分野別研究紹介

IV. Power Plants, Marine Organisms, and Their Environment

 We use field studies in the region offshore of power plants as well as laboratory studies utilizing the experimental marine organism rearing facilities at the Central and Demonstration laboratories to analyze the impact of power plant cooling water intake and discharge on the environment. Furthermore, we also investigate techniques for forecasting the impact of power plant siting on coastal ecosystems as well as technologies for preventing the fouling of cooling water intake pipes by aquatic organisms.

Combined Impacts of Thermal Effluents and Other Factors
 There is some concern that high temperature and low salinity caused by power plant thermal effluents along with low oxygen and turbidity could drive compound impacts on marine organisms particularly in the littoral zone of enclosed bays or inland seas. As a result, we have carried out experimental studies on this subject. So far, we have gained an understanding of which varieties of fish, bivalves, and large macroalgae are most vulnerable and at what developmental stages, and have determined some impact thresholds.
 Moreover, in recent years, the northward range expansion of southern herbivores has harmed seaweeds by increasing grazing pressure and has led to the reduction of seaweed beds (rocky-shore denudation). In order to examine the relationship between this phenomenon and rising seawater temperatures, we used laboratory studies to determine how the feeding rate of the principle herbivores including rabbitfishes and Longspine black urchins on large macroalgae was affected by water temperature.
 
High temperature, low oxygen concentra-tion experiments
 
Experimental investigation of rabbitfish and seaweed interspecies relationships
     
Fish Reponses to Temperature
 We used fish pens (photo at right) moored near power plant cooling system discharge sites on the Japan Sea to study the behavior of large fish in response to thermal effluents. The figure below indicates the water temperature distribution in the pens and the vertical distribution of yellowtail. Whereas in the summer, yellowtail avoided the thermal effluent water by swimming at mid and lower depths below the high temperature layer, in the winter yellowtail were actually drawn to the high temperature layer. We also carried out this research on anadromous migratory salmon including chum salmon and cherry salmon.
 
Fish pens moored in the vicinity of thermal effluent outfalls
     
The temperature distribution within fish pens moored in the vicinity of thermal effluent outfalls and the distribution of yellowtail (black dots)
     
Marine Experiments on the Impact of Thermal Effluents
 In order to reveal the magnitude and range of the impact of power plant thermal effluents on seaweed, we positioned settlement plates seeded with immature seaweed in locations experiencing various degrees of temperature change due to exposure to thermal effluents. We then observed the growth and maturation of this seaweed over time. As a result, we were able to observe differences in the growth and maturation of seaweed between regions in direct contact with thermal effluents (3–5°C increase in temperature relative to surrounding waters), in slight contact with thermal effluents (2–3°C increase in temperature relative to surrounding waters), and not in contact with thermal effluents.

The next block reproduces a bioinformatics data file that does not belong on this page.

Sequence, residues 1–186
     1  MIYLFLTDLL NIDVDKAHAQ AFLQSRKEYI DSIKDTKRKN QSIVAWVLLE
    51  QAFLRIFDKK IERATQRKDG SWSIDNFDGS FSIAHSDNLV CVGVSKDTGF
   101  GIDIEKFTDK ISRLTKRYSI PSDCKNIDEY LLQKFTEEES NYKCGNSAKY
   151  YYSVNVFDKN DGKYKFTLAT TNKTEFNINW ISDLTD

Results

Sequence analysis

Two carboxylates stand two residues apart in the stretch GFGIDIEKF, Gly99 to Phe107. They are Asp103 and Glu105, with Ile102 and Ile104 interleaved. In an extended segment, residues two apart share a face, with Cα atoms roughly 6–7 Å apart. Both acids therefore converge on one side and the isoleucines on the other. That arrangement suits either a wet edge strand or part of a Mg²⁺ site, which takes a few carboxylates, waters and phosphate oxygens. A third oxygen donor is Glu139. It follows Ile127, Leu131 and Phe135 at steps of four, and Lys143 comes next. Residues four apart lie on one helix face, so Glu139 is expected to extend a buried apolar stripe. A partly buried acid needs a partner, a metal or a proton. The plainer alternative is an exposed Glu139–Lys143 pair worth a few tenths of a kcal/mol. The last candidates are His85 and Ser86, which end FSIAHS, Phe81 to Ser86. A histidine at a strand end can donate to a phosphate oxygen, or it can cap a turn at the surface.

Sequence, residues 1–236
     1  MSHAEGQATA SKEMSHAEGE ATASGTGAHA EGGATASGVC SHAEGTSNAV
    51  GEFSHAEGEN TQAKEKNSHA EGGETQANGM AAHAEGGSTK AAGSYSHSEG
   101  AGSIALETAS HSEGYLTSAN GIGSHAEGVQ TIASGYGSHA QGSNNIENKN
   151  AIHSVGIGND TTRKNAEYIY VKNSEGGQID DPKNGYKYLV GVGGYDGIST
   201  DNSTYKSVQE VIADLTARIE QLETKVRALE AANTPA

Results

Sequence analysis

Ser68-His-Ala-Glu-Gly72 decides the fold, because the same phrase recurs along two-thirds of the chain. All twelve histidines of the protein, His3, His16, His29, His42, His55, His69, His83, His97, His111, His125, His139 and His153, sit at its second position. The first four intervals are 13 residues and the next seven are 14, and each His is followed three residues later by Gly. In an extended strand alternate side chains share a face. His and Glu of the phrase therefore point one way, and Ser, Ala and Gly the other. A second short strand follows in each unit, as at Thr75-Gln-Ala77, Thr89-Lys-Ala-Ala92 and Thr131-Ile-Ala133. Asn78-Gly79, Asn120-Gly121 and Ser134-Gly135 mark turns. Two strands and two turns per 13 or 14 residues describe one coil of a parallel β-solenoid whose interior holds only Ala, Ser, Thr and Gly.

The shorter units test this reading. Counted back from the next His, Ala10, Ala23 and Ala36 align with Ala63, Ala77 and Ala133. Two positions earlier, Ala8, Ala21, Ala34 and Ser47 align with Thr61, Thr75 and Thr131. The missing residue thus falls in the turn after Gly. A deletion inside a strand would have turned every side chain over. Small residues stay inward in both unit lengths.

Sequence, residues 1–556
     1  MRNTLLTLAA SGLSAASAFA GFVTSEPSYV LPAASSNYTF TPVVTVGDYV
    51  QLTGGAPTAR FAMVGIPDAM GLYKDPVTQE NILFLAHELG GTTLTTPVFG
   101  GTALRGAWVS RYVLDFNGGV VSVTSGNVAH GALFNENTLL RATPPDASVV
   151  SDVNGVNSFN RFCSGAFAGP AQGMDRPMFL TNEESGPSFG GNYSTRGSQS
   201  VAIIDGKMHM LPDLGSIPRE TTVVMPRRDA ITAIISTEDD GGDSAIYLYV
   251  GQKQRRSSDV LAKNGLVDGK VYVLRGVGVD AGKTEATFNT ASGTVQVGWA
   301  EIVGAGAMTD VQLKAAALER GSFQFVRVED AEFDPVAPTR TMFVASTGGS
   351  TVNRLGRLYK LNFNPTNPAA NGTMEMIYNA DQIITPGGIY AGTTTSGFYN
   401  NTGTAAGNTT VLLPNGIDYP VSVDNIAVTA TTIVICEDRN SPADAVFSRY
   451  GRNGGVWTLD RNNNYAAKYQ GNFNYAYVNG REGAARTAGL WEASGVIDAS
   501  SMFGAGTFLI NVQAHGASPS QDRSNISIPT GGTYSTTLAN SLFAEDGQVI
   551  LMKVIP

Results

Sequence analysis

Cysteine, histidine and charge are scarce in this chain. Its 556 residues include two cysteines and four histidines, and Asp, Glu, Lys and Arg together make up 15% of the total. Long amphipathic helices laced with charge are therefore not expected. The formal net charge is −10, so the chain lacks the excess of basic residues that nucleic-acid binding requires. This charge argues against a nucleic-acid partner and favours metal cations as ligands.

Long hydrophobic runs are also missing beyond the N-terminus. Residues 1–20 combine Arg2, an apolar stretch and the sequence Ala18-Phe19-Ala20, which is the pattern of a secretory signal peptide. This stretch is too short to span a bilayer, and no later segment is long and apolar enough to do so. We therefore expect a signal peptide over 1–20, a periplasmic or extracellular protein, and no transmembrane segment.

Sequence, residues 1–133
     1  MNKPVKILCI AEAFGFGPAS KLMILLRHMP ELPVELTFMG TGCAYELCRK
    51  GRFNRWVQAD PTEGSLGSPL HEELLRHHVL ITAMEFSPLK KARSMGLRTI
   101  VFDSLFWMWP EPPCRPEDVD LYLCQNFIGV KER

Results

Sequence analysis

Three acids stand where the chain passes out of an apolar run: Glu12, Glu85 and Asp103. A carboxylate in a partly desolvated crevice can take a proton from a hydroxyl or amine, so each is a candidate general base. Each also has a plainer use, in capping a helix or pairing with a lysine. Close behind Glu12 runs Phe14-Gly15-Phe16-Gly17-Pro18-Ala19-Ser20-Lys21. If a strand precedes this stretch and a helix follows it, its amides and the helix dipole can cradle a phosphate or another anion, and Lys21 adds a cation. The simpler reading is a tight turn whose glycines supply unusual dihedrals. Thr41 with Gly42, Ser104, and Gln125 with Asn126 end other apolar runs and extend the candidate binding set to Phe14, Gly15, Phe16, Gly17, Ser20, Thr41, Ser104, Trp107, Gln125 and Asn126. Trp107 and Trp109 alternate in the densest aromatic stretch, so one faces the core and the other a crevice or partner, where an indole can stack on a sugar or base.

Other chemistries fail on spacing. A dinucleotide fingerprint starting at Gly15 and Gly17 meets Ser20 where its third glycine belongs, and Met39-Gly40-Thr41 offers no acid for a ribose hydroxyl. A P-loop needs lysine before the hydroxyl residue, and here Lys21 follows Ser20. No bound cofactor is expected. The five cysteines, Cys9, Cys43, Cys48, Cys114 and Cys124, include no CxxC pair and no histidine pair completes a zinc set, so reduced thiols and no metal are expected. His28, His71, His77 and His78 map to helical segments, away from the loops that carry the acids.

Comparison of growth rates of seaweed attached to experimental settlement plates
     
Development of Research Methods and Forecasting Techniques for Ecosystem Impact Assessment
 We are investigating the best methods and techniques for researching and forecasting the impacts of power plants on coastal marine ecosystems as part of the power plant assessment process.
 We developed technology to input data pertaining to the organisms of interest within an ecosystem along with environmental factors into a database, model the relationship between organisms and environmental factors, and finally output the forecast results into a geographical information system (GIS). The figure on the lower right shows an analysis of the impact a hypothetical power plant would have on a species of interest, in this case a type of seaweed known as arame (red: high impact; yellow: low impact). Although much of the red area indicates arame extirpation due to land reclamation, there is also an area close to the discharge outfall that is also forecast to experience local extirpation.
 
Power plant impact range forecast for arame
     
Development of Antifouling Technologies for Cooling Water Systems
 Biofouling of power plant cooling water systems can degrade heat exchange capacity in elements such as steam condensers and can damage equipment. We are investigating ways to combat this problem by using antifouling methods that have minimum impact on marine organisms.
 We have carried out culture experiments using blue mussels to determine the effectiveness of chlorine dosing as well as to study the stable operation of antifouling methods using chlorine dosing.
 When large planktonic organisms such as moon jellies become entrained in power plant cooling water intake systems in substantial numbers they can clog the screens and cause a decline in power generation capacity due to an inability to intake sufficient seawater for cooling. Consequently, we are studying the ecology and environmental requirements of the jellyfish’s sessile polyp stage with a view to developing a method to forecast the arrival of large numbers of jellyfish. As part of this effort, we have been able to identify nursery regions for polyps in our study area.
 
Blue mussels after settling on experimental plates
 
Moon jellyfish polyps (left) and juvenile jellyfish (right)